Alex Salmond led a motion of condolence at the Scottish Parliament, joined by leaders of Labour, Liberal Democrats, Conservatives and the Green and independent group.
Ms MacDonald, 70, who suffered from Parkinson's disease, was a former SNP politician but spent much of her Holyrood career as an independent member.
She was fondly remembered as a witty and engaging personality who stuck to her principles while offering sound advice to others - on issues as diverse as the constitution and what jewellery to wear.
The veteran politician championed "unpopular" and often controversial subjects such as the right to assisted suicide and the plight of prostitutes in the capital, which she represented as MSP for the Lothians.
Mr Salmond said: "She managed to be influential but also widely loved by politicians and people, but particularly by the people."
Labour leader Johann Lamont said: "She had strong views but it was clear that those views did not in themselves define her, they were an expression of the deeply held values which had shaped her life."
Conservative leader Ruth Davidson said: "Margo's passing leaves this parliament and the political life of this nation a more dull and monochrome place, because she lit it up."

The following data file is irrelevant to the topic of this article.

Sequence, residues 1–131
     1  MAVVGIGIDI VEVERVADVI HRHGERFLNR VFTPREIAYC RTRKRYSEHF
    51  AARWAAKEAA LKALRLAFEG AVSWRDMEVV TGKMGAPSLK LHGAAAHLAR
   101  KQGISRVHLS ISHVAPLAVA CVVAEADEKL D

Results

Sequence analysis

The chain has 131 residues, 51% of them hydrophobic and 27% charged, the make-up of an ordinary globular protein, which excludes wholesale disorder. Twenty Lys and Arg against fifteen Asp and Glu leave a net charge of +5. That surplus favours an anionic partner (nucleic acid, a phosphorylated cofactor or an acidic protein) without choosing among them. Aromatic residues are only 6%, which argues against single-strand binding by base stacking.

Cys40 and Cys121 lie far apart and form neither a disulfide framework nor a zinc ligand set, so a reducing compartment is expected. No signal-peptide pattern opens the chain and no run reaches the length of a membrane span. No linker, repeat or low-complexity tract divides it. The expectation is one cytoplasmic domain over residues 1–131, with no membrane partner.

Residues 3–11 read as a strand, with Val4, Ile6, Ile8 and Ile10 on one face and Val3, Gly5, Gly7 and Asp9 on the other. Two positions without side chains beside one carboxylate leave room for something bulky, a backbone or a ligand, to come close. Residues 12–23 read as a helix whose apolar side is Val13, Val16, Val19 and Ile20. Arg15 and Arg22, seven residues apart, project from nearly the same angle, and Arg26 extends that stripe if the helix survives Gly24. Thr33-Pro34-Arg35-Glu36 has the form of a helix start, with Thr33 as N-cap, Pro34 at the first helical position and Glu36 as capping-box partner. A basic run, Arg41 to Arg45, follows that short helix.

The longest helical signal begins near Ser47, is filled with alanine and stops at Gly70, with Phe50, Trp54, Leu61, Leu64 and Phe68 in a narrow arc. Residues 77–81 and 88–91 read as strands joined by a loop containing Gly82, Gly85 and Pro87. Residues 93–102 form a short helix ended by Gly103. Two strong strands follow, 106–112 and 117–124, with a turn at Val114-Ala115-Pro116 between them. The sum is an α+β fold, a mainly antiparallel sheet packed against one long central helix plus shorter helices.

LibDem leader Willie Rennie said: "She was trusted and authentic. Margo was able to tread that line between rebellion and credibility."
Ms MacDonald joined two former SNP members and Holyrood's two Green MSPs to form a parliamentary group which she dubbed the "Grindies".
Green leader Patrick Harvie said she was a fantastic source of "juicy" gossip on other politicians.
Tricia Marwick, presiding officer of parliament, said: "The way she coped with her long, painful illness inspired many, including me, and showed what bravery really was."
Ms MacDonald died at her home in Edinburgh.
A colourful celebration of her life will be held in the capital on Friday.